You apparently also want an axiom of at least countable infinity added to your inductive definitions. So, {} is a a name, and make_distinct_name(A,B) is a name for all earlier constructed A and B. But you also want an additional induction axiom gives you the countable but non-finite compositions of make_distinct_name.

Now you have two problems, though.

If you define a general class of names along those lines, right away you will find that you can not define an effective equivalence relation. I can generally describe two constructions of infinite names and, if your name class is roughly as general as Conway's games -- you can't compute, generally, whether or not two name-defining constructions are equal. Equivalence between constructible reals isn't decidable for a similar reason.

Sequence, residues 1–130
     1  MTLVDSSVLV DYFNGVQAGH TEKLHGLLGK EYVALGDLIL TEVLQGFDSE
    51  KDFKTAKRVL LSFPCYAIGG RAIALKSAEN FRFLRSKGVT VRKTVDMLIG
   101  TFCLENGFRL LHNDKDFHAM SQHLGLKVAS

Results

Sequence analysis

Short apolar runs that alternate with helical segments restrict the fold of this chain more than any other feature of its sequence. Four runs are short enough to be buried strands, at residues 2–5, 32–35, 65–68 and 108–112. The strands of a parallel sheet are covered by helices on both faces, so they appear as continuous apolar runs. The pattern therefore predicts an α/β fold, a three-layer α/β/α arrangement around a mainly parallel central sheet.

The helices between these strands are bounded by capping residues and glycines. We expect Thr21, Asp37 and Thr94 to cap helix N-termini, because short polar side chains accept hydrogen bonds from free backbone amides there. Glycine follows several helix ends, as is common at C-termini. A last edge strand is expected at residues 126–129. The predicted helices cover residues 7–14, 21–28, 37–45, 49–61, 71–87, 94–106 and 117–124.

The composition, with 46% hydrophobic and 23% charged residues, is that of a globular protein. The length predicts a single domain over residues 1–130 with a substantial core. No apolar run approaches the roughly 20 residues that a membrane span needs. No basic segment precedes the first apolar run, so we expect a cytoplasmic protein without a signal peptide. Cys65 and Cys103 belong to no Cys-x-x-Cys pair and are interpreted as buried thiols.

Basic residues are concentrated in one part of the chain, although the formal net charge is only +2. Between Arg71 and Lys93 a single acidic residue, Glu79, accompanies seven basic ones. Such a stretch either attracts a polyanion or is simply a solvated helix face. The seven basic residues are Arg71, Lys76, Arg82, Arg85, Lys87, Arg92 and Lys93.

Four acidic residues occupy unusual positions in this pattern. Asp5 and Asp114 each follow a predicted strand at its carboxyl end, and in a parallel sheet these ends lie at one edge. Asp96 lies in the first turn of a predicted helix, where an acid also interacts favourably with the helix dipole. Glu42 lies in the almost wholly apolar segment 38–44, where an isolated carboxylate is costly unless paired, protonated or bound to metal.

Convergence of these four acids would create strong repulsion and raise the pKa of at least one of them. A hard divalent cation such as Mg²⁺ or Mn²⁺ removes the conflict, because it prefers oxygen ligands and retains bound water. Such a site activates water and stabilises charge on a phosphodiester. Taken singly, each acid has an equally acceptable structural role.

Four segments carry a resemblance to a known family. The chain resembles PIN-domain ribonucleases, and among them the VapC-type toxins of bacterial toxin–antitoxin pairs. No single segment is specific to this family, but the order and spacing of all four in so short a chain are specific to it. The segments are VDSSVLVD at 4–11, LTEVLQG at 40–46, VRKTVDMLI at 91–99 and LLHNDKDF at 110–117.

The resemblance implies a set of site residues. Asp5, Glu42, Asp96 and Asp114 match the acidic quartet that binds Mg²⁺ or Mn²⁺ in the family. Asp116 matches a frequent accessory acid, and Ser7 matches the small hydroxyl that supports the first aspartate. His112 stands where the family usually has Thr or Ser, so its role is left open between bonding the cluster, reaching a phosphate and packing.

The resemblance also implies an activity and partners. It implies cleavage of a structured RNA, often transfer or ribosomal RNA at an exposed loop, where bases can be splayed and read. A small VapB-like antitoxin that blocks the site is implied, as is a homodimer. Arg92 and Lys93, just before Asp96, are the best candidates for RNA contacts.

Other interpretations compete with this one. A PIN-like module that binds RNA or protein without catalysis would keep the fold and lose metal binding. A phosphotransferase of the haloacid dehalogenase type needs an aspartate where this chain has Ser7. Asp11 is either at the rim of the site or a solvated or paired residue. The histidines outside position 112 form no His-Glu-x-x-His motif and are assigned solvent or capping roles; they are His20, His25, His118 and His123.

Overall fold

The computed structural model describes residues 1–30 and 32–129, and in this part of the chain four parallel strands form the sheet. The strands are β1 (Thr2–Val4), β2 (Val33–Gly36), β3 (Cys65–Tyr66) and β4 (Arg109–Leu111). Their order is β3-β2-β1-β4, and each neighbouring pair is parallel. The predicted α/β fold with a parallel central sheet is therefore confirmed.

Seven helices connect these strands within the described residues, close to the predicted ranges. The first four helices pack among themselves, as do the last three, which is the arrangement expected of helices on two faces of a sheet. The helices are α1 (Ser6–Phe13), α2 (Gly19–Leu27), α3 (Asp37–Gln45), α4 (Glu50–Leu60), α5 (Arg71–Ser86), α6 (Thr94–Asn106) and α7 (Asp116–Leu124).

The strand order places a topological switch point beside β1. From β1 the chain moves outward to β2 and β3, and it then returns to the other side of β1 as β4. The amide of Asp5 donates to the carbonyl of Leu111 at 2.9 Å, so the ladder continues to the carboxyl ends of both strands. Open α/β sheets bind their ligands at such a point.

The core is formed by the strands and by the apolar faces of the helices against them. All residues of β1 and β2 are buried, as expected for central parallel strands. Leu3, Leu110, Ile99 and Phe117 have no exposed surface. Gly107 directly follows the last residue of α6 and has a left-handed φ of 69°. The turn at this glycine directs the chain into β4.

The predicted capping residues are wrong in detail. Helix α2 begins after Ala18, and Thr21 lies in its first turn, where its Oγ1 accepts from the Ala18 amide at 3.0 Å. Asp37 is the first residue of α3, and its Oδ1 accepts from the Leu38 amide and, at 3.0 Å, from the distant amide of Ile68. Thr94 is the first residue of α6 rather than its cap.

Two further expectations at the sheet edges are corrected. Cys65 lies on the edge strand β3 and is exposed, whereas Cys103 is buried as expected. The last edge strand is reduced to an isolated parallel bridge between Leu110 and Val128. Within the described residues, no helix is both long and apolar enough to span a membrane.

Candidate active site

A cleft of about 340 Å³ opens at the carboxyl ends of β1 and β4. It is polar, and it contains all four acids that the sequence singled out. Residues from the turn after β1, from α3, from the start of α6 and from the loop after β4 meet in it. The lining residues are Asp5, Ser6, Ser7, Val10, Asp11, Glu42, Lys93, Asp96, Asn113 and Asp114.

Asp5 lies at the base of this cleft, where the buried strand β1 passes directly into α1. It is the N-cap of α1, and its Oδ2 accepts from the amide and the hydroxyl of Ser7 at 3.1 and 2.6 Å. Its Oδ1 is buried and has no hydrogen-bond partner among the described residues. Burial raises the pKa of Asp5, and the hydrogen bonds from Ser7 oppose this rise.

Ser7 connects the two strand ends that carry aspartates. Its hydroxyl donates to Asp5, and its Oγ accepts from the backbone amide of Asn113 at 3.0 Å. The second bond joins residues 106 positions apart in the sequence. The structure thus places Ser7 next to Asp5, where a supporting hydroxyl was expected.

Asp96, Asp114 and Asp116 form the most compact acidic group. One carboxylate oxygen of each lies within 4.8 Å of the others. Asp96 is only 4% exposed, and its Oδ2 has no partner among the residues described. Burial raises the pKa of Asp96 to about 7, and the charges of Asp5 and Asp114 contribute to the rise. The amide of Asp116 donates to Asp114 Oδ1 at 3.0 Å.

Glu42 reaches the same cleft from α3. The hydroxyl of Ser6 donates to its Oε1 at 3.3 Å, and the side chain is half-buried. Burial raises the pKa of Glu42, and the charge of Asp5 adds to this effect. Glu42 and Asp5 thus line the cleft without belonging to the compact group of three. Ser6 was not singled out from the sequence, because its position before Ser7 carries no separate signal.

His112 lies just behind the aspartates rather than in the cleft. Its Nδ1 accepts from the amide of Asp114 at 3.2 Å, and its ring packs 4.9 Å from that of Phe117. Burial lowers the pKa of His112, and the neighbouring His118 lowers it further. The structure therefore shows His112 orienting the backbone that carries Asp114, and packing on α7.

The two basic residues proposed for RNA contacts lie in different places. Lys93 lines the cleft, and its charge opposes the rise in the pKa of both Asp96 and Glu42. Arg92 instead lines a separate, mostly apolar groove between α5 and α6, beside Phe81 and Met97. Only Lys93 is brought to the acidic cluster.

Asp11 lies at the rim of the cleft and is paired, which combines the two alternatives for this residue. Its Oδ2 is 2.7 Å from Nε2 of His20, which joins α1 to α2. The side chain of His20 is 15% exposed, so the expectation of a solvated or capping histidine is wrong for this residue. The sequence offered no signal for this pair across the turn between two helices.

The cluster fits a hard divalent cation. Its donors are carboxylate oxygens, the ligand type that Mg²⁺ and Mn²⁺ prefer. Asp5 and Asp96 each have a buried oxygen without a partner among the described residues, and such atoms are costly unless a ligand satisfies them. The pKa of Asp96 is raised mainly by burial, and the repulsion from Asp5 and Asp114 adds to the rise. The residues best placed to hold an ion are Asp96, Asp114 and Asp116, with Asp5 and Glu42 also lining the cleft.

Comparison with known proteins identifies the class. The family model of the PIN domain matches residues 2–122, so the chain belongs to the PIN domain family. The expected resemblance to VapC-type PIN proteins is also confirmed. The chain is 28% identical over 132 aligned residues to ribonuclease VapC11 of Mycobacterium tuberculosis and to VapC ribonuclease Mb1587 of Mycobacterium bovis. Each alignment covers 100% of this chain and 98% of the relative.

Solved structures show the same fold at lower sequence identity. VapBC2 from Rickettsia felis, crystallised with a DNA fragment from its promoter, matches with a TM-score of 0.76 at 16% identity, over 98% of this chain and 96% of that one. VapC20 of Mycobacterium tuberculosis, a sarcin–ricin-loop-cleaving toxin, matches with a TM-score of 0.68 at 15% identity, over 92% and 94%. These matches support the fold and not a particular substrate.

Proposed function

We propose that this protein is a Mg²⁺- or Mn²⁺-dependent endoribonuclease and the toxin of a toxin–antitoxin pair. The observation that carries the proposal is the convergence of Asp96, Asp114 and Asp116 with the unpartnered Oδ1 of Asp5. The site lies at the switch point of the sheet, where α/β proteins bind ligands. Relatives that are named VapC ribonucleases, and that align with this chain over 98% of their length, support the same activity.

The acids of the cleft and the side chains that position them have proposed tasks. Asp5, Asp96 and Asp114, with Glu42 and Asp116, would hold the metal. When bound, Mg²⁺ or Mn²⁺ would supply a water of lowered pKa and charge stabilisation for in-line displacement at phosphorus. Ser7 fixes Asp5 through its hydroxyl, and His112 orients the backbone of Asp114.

Maybe you don't care for your purposes, although it seems odd for a semantics to not want effective equivalence between names. Or... maybe you don't need quite that general a name construction and the parallel construction of terms will simplify the construction of names and thereby simplify the equivalence relation for names.

Inside the model or outside of it?

The quick aside is that you are obviously making some mistake if you think that your countably infinite set of terms is going to exhaust your countably infinite set of variable names.

Not enough nuance! We are philosophers, sir!

When I wrote that I might be able to "prove that [running out of names] never happens (under some reasonable conditions)," the "reasonable conditions" I had in mind were "using only encodings of a finite terms, or reductions of them." So I get you.